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John Owolabi Idogun
John Owolabi Idogun

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Backend: One-on-one (Duologue) chatting application with Django channels and SvelteKit

Introduction and Motivation

In recent times, I needed to incorporate some private (one-on-one) chatting functionalities into an existing application whose backend was written in Python (Django) so that authenticated users can privately chat themselves. The application's frontend was in React but for this tutorial, we will be using SvelteKit — whose version 1.0 was recently released — to interact with the websocket-powered backend using django channels. The chats will be persisted in the database so that users' chatting histories will not be lost.

Tech Stack

As briefly pointed out in the introduction, we'll be using:

Assumption and Objectives

It is assumed that you are familiar with Django — not necessarily django channels — any JavaScript-based modern frontend web framework or library and some TypeScript.

In the course of this series of tutorials, you will learn about:

  • performing CRUD operations in a websocket-powered django application;
  • working with websocket in SvelteKit — a performant frontend framework.

Source code

This tutorial's source code can be accessed here:

GitHub logo Sirneij / chatting

Full-stack private chatting application built using Django, Django Channels, and SvelteKit


chatting is a full-stack private chatting application which uses modern technologies such as PythonDjango and Django channels — and TypeScript/JavaScriptSvelteKit. Its real-time feature utilizes WebSocket.


chatting has backend and frontend directories. Contrary to its name, backend is a classic full-fledged application, not only backend code. Though not refined yet, you can chat and enjoy real-time conversations there as well. frontend does what it implies. It houses all user-facing codes, written using SvelteKit and TypeScript.

Run locally

To locally run the app, clone this repository and then open two terminals. In one terminal, change directory to backend and in the other, to frontend. For the frontend terminal, you can run the development server using npm run dev:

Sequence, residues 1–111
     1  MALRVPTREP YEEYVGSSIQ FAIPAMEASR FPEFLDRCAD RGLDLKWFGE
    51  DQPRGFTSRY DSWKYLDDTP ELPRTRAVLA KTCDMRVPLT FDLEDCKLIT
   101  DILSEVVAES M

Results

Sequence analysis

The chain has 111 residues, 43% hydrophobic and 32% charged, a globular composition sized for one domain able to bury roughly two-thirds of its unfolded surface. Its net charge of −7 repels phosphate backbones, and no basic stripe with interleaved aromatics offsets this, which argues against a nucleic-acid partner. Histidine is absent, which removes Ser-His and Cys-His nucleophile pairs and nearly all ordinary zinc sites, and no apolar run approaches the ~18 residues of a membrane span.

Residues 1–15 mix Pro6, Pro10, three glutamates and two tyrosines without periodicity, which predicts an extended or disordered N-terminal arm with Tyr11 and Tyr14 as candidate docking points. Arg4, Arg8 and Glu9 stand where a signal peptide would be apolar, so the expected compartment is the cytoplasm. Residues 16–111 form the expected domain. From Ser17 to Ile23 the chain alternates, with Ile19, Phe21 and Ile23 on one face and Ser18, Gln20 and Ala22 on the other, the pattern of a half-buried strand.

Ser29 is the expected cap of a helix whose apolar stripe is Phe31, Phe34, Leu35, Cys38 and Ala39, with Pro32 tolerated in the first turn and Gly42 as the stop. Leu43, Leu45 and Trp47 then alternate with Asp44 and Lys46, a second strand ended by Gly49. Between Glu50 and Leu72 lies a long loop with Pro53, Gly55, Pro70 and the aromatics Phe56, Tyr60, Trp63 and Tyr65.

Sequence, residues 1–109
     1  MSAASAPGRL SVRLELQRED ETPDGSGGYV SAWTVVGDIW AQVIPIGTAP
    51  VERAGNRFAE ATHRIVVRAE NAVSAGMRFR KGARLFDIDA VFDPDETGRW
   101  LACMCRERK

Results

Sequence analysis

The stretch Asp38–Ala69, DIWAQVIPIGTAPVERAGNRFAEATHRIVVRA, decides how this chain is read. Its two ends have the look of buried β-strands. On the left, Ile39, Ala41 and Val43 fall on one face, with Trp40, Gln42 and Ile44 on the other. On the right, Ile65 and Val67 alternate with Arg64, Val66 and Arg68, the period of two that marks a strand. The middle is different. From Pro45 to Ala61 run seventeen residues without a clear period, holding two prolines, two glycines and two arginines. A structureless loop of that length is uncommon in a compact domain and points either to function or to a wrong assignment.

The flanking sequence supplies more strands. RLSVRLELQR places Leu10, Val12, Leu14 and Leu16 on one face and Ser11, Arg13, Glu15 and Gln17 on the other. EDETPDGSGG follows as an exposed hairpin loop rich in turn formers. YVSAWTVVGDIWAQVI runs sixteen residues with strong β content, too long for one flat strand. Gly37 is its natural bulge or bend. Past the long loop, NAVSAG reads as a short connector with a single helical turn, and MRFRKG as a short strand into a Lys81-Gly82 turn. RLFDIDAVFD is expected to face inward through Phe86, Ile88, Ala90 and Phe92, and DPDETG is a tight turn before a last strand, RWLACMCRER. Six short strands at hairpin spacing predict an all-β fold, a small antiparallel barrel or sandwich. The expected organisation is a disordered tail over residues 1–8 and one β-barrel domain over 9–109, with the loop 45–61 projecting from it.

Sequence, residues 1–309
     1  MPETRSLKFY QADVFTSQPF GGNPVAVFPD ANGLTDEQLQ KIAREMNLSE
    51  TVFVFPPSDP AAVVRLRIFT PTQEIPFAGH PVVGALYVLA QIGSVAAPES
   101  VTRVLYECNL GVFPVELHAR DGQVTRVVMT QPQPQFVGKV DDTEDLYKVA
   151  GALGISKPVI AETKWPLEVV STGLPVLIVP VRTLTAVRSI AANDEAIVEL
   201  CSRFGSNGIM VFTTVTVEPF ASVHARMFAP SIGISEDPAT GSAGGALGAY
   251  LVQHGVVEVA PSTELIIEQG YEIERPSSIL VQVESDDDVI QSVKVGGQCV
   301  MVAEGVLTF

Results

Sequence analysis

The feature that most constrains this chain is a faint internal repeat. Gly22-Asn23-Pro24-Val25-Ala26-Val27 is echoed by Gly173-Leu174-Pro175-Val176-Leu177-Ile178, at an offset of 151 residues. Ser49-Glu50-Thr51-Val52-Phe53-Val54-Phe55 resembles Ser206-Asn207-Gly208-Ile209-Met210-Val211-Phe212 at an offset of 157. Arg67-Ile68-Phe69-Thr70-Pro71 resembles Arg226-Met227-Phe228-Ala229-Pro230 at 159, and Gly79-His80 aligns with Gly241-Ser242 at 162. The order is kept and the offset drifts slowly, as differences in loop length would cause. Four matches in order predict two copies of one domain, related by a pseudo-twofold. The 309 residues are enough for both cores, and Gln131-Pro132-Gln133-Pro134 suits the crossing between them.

╭─[Johns-MacBook-Pro] as sirneij in ~/Documents/Devs/chatting/frontend using node v18.11.0                                21:37:36
╰──➤ npm run dev
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In the backend terminal, create and activate a virtual…


Step 1: Install and setup django, other dependencies and app

As a first step, create a folder, mine was chatting, that will house the entire project, both frontend and backend. Then, change directory into the newly created folder and create a sub-folder to house the app's backend. I called mine backend. Following that, make and activate a virtual environment and then install django and channels. Thereafter, create a django project. I used chattingbackend as my project's name. Include channels or daphne in your project's setting's INSTALLED_APPS. Ensure you create a new app, I used chat as app's name, and include it there as well. Don't forget to install and link corsheaders so that frontend requests will be accepted by our backend server. See updated file. Channels uses asgi and as a result, we must set it up. Make your chattingbackend/ look like:

# chattingbackend /
import os

from channels.auth import AuthMiddlewareStack
from channels.routing import ProtocolTypeRouter, URLRouter
from import AllowedHostsOriginValidator
from django.core.asgi import get_asgi_application

os.environ.setdefault('DJANGO_SETTINGS_MODULE', 'chattingbackend.settings')
# Initialize Django ASGI application early to ensure the AppRegistry
# is populated before importing code that may import ORM models.
django_asgi_app = get_asgi_application()